Indigenous affairs minister steps down from Manitoba cabinet following premier’s comments about colonial settlers

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WINNIPEG —
Cracks could be forming around the Pallister Government as a member of the premier‘s inner circle has resigned following controversial comments Pallister made about colonial settlers – comments he says he stands by.

CTV News Winnipeg confirmed on Wednesday that Indigenous and Northern Affairs Minister Eileen Clarke, the PC MLA for Agassiz, has left the position.

“It’s a big deal because a minister resigned because of a direct conflict with the premier,” Royce Koop, a political scientist at the University of Manitoba, told CTV News.

The resignation comes a week after the premier made controversial comments about colonial settlers in the wake of the toppling of statues by Indigenous protestors.

“The people who came here to this country before it was a country and since, didn’t come here to destroy anything – they came here to build, they came to build better,” Pallister said following the toppling.

“They built farms and they built businesses and they built communities and churches, too.”

“Cabinet ministers, like all of us, have the opportunity to decide on their own future,” Pallister said. “I respect Eileen’s decision.”

Pallister’s comments on colonial settlers upset several Indigenous leaders and others who saw them as revisionist and insensitive.

“The premier’s comments last week about Indigenous peoples were divisive and they were racist, they were terrible,” said NDP Leader Wab Kinew.

On Wednesday, Pallister said he stands by the comments he made, and said his government is focused on working with Indigenous groups.

The premier added he has ‘tremendous respect’ for Clarke’s work, but would not say what reasons Clarke gave regarding her resignation.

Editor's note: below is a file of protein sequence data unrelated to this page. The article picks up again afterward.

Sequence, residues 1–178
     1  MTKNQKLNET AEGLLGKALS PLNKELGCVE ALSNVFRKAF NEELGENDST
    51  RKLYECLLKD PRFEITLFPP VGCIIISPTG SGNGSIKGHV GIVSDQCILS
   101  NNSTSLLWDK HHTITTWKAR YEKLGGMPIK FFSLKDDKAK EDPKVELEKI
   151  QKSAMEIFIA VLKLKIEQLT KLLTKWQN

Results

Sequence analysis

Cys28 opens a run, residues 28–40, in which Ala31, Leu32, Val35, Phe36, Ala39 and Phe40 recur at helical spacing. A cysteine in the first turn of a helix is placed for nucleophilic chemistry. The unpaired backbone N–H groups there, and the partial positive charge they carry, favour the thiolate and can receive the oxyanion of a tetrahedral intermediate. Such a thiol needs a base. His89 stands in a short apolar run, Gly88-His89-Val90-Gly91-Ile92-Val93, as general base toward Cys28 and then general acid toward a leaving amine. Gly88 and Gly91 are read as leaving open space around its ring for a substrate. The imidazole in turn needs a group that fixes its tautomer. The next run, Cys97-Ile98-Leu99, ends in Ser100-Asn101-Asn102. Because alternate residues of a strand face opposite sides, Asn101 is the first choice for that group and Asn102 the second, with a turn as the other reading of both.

“Cabinet ministers, like all of us, have the opportunity to decide on their own future,” Pallister said. “I respect Eileen’s decision.”

The resignation prompted Indigenous leaders to commend Clarke for her choice, saying her job became difficult because of a tense relationship between the premier and First Nations.

On Wednesday, the Assembly of Manitoba Chiefs (AMC) Interim Grand Chief Leroy Constant – who called Pallister’s comment ‘abhorrent and offensive’ – said the AMC was disappointed to hear of Clarke’s resignation, but commends her decision.

“Ms. Clarke has had a difficult job over the last several years, a job that is difficult at the best of times,” Constant said in a statement.

“However, the difficulty has been exacerbated recently by a tense First Nations’ relationship with the Premier, a global pandemic and the province’s difficult journey of truth and reconciliation with First Nations peoples in this province.”

A thought echoed by Manitoba Liberal Leader Dougald Lamont.

“I can understand why she quit, which is the Premier made her job absolutely impossible to do,” he said.

Lamont is not alone, as frustration may be brewing from within Pallister’s own caucus. PC MLA Shannon Martin tweeted about Clarke’s resignation.

“S***y that it’s come to this, but her decision is understandable,” Martin tweeted on Wednesday.

Pallister has signalled he might not stay on for the full term. With low polling numbers, some say Clarke’s cabinet departure might not be the last one as potential leadership hopefuls could try to distance themselves.

“If the Premier doesn’t add some clarity to the timetable for which he’s going to resign, we might start to see more resignations from the cabinet, we see more of that kind of rebelliousness,” said Koop.

CTV News asked the premier if he feels he has the full backing of the cabinet and caucus.

“Yes,” said Pallister. “Because I do.”

As for Clarke’s replacement, that announcement will come Thursday morning as the Premier is set to shuffle his cabinet and announce new ministers.

Clarke’s constituency office said she was declining media requests Wednesday out of respect for the AMC election. 

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